Treating Games as Art
Being in Two Cults: What Can Improv Learn from Larp?
Michael Such

Mark Durkan writes:

“One point I would make, coming from a visual arts perspective, is that it is, IMO, dangerous to spend too much time trying to justify a cultural practice as art. Whether it is larp or improv, I feel both those communities benefit more from understanding the values inherent to them rather than measuring them up to an arts discourse. Of course it’s important to learn from and be influenced by other areas but hoping to validate a cultural practice by aligning it to art might have the unintended consequence of hampering the development of that practice by holding it up to a heritage of sophisticated, complicated, sometimes contradictory and nearly always hierarchical value systems.

One other distinction I would make, is that larp in particular provides a multiplicity of understandings and values that a lot of artforms don’t. In this instance it is possible to have an agenda by the designer that can be disregarded or undermined by the player(s) and everybody is simultaneously required to collaboratively contribute to determine the value. Some socially engaged contemporary art practice deals with this, but larp has a jump start on this, practically if not necessarily theoretically.”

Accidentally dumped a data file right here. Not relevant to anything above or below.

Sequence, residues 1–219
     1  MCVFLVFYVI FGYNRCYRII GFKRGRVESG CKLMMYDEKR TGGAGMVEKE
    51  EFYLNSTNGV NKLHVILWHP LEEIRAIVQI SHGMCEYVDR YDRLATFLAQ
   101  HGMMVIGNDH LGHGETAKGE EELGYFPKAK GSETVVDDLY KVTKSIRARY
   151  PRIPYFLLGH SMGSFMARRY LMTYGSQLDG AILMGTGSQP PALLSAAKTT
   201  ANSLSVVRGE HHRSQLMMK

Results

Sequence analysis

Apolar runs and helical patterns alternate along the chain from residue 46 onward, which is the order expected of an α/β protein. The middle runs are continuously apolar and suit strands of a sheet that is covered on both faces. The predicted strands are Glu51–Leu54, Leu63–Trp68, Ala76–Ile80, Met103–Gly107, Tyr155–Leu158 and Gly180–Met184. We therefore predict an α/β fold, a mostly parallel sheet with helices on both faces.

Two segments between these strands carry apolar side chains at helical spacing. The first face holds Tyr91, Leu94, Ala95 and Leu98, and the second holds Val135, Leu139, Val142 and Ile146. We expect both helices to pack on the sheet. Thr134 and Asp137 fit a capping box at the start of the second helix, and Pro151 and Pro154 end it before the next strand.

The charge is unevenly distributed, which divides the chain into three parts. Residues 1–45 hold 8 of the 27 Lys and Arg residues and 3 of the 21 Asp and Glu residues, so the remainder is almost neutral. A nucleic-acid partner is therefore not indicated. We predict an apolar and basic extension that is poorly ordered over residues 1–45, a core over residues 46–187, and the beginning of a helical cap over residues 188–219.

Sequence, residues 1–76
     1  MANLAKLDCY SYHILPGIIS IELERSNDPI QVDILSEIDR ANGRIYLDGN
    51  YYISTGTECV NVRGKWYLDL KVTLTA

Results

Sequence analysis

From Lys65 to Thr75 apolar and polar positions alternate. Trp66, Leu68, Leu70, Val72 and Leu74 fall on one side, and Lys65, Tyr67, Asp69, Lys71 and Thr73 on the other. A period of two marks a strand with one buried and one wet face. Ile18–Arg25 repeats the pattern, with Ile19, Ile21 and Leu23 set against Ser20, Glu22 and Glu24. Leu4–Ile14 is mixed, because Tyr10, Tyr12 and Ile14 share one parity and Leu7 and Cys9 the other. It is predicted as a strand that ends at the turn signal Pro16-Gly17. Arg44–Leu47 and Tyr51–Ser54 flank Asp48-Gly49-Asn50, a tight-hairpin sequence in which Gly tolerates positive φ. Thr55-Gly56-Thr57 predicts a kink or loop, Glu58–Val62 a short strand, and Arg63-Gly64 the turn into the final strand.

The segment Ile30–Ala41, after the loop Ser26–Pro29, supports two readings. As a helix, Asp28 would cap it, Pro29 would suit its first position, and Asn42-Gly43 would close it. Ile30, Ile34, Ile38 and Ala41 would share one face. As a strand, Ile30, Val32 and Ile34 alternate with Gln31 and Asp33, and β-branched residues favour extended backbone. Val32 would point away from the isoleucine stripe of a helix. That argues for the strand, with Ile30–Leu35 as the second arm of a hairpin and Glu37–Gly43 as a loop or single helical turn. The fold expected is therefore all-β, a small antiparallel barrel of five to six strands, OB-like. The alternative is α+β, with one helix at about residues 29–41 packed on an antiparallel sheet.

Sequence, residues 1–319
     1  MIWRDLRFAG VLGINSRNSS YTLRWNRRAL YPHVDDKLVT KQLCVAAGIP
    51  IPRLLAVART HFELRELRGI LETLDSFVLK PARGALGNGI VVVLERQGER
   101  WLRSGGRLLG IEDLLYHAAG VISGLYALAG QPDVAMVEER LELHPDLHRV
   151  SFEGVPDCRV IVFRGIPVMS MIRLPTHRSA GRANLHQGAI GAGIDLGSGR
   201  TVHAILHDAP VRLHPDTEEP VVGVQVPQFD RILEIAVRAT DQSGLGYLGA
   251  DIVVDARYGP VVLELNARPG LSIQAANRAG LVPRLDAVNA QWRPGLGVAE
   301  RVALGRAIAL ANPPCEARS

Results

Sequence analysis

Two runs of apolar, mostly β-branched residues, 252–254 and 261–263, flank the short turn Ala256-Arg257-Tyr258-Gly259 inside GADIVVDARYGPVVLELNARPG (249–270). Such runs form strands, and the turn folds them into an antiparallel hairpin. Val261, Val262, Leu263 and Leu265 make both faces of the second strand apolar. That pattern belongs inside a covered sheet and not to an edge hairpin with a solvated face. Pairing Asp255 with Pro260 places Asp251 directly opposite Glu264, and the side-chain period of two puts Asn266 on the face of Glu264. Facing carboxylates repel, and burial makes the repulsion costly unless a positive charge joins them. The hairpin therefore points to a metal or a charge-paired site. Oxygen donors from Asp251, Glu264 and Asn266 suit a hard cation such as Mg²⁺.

I sort of agree with this critique but feel there isn’t an equally eloquent way of making the point I want to convey.

I think I’m actually someone who secret has an unhealthy belief in the hierarchical value of arts discourse. I guess it comes from having a desk job and wanting to one of the “cool kids.” This is also a clamour I recognise in the improv and larp scenes. We do want to be one of the cool (recognised) kids.

So in using the word “art” I’m hopefully more trying to talk about conveying ideas than legitimacy of practice. If you make a poorly designed game which you only play with two other people but you all have fun then great. Please do that more. I personally enjoy amateurish performance which does something interesting more than something which has had all the life polished off it.

At the same time if you are making performance I think not treating it as art is sometimes a cop-out. Or more I mean considering what ideas the performance conveys. A lot of movies which present themselves as “just comedy” or “just entertainment” but convey harmful ideas. E.g. this study or the hero-centric world view presented by a lot of action movies.